Public invited to free 'Local Day' at applied anthropology conference
Author: Cristina Rojas, College of Liberal Arts & Sciences
Posted: March 18, 2019

The public is invited to hear from researchers about the region's remarkably diverse heritage, its complex and challenging present, and its future on Tuesday as part of the Society for Applied Anthropology's "Local Day."

The SfAA, a worldwide organization for the applied social sciences, is holding its 79th annual meeting at the Hilton Portland Downtown from March 19-23. This year's theme is "Engaging Change in Turbulent Times," and faculty and students from Portland State will be well-represented.

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The presentations and events scheduled for "Local Day" focus on Portland, Oregon and greater Cascadia.

This day is open to the public free of charge. Local residents may pick up their complimentary Local Day program at the SfAA registration in the Hilton Portland Downtown Hotel.

Sessions include:

Tribal Resources Management in Practice: A panel exploring approaches that tribal resource managers and communities are implementing to steward indigenous lifeways and restore ecological and cultural resources.

10-11:50 a.m. and 1:30-3:20 p.m.; Broadway IV room

Cascadia: Challenges and Cooperation within a Magnificent Coastal Corridor: A roundtable providing insights into indigenous leadership around salmon and shared waters, housing and climate change challenges in mountain areas, and the need for education and bridging borders of many kinds. 

10-11:50 a.m.; Pavilion East room

A Tale of Smart Cities: A roundtable on smart-city technologies that will discuss how to understand the future of urban living at the confluence of rapid technological, social and demographic trends.

10-11:50 a.m. and 1:30-3:20 p.m.; Pavilion West room

Creating Disaster Resilience in Portland: Organizing for the Cascadia Quake: Come and converse with the Portland Bureau of Emergency Management's Neighborhood Emergency Team leaders on the challenges community organizers face in fostering disaster preparedness in Portland.

10-11:50 a.m. and 1:30-3:20 p.m.; Galleria I room

Addressing the Needs of Youth and College Students

12-1:20 p.m.; Broadway II room

Portlandia: Myth or 'Keep Portland Weird' Reality?: A panel of Portlandians will share just how weird the Rose City is (or not) and explore the personality of this singular U.S. city as they identify what unites Portlandians (or not).

12-1:20 p.m.; Broadway III room

The Folly of Frack: A play about the extraction, mythologies and realities of fracked gas and proposed gas projects that threaten the Pacific Northwest.

12-1:20 p.m.; Pavilion East room

Collaborations between Oregon Tribes and the State Folklife Program: For several years, the Oregon Folklife Network has partnered with various members and programs at Confederated Tribes of Warm Springs on projects, with a goal of responding to tribal needs and requests.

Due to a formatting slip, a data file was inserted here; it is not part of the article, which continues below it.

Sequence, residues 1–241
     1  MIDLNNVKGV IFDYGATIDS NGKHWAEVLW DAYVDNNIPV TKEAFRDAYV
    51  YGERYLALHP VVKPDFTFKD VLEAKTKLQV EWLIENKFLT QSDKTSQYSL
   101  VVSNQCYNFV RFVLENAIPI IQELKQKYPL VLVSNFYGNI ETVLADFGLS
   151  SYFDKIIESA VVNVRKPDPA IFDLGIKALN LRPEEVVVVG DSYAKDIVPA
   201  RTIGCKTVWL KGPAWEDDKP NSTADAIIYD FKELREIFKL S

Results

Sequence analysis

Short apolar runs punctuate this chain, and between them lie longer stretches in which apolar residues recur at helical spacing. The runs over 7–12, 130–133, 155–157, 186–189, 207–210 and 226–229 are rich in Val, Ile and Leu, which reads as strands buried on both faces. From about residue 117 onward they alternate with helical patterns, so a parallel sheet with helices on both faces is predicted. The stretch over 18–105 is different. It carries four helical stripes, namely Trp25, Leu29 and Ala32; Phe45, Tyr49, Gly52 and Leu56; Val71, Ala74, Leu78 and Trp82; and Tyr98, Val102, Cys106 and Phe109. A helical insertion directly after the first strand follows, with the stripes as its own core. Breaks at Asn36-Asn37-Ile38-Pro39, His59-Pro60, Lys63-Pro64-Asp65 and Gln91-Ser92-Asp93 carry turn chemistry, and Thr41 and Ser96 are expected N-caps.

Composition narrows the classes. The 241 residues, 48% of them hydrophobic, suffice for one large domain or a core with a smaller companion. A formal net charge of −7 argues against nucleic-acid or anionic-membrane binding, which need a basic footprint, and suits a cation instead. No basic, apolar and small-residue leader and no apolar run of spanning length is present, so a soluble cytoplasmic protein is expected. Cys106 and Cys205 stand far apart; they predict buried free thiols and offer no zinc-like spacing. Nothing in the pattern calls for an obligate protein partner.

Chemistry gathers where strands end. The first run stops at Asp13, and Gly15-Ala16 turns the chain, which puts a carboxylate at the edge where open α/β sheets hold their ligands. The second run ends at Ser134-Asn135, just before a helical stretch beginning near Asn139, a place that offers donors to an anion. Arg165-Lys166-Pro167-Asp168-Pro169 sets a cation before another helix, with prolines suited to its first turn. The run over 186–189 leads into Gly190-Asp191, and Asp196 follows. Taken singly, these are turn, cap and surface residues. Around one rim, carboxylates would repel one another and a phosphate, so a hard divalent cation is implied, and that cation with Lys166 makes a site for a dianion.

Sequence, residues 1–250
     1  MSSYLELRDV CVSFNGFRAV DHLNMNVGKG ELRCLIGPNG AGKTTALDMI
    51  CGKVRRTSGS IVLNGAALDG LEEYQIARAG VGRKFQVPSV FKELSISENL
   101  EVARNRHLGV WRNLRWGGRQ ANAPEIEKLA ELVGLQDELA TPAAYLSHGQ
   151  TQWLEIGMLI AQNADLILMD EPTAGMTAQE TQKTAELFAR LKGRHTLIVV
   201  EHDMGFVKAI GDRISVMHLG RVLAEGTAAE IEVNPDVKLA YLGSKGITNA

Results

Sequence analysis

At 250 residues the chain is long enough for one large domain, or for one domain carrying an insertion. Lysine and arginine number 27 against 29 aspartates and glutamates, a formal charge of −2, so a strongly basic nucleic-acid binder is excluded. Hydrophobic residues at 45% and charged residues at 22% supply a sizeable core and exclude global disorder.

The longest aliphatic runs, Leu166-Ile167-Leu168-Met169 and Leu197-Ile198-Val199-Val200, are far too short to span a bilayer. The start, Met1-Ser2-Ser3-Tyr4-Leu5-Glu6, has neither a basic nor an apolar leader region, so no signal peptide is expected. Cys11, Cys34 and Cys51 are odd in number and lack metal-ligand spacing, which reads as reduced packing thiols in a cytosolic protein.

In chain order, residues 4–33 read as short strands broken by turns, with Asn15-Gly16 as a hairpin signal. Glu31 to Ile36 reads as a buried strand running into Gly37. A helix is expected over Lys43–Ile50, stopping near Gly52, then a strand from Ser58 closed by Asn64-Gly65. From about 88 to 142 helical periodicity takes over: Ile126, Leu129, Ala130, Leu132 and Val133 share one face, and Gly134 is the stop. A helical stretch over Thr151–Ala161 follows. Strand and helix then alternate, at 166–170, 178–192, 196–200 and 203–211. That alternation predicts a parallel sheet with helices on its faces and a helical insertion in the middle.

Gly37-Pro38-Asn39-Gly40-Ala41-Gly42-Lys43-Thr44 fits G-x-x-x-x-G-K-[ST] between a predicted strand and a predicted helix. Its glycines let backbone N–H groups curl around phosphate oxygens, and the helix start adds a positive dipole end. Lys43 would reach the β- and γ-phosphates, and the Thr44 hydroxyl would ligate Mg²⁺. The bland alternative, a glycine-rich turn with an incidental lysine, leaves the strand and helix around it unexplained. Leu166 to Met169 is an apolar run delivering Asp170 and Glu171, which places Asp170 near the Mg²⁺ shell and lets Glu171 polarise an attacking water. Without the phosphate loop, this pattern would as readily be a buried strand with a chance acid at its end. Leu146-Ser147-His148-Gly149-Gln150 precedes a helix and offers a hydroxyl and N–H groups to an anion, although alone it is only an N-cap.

1:30-3:20 p.m.; Broadway II room

Negotiating the Boundaries of Anthropological Expertise in Portland's Tech Sector: Panelists, many of whom started their careers at Intel, will reflect on their experiences working in Portland's tech sector and provide commentaries on how the sector has shifted and expanded.

1:30-3:20 p.m.; Broadway III room

Community Forum on Homelessness in Portland and Beyond: Panelists will discuss the demographics and basic needs of unhoused people, the role of city and regional government agencies, and the intersection of homelessness with other critical problems such as infectious diseases, violence, trauma, addiction, mental health and the environment.

1:30-3:20 p.m.; Pavilion East room

Engaging the Whole Neighborhood: Enhancing Disaster Preparation in Portland, Oregon: Join volunteer leaders to brainstorm approaches to enhancing neighborhood solidarity in a variety of challenging settings.

1:30-3:20 p.m.; Galleria I

Integrated Care and Social Determinants of Health: Case Studies from the Pacific Northwest: Panelists from three local health-care systems and research networks will explore the opportunities and challenges of integrating approaches to address social determinants of health in everyday health-care.

3:30-5:20 p.m.; Broadway I room

Graphic Medicine: Using Comics to Connect: Graphic medicine — the intersection of comics and medicine — is an innovative approach towards improving health communication, increasing connection and generating empathy. This roundtable will showcase collaborative graphic medicine produced in Portland and consider additional applications for the medium.

3:30-5:20 p.m.; Broadway II room

Anti-Immigrant Politics as Political Catalyst: Oregon Immigrants and Refugees Organize for Change: As Oregon immigrant and refugee groups are organizing anew to protect their security, rights and prospects, this panel sheds light on a range of such efforts and examines how various foundations, NGOs and governments respond to them.

3:30-5:20 p.m.; Broadway III room

Food System Research and Advocacy: Lessons from the Northwest

3:30-5:20 p.m.; Broadway IV room

Screening of Priced Out: 15 Years of Gentrification in Portland, OR: An investigative and personal look at housing discrimination and the pain of losing a community to gentrification

3:30-5:20 p.m.; Pavilion East room

More information is available at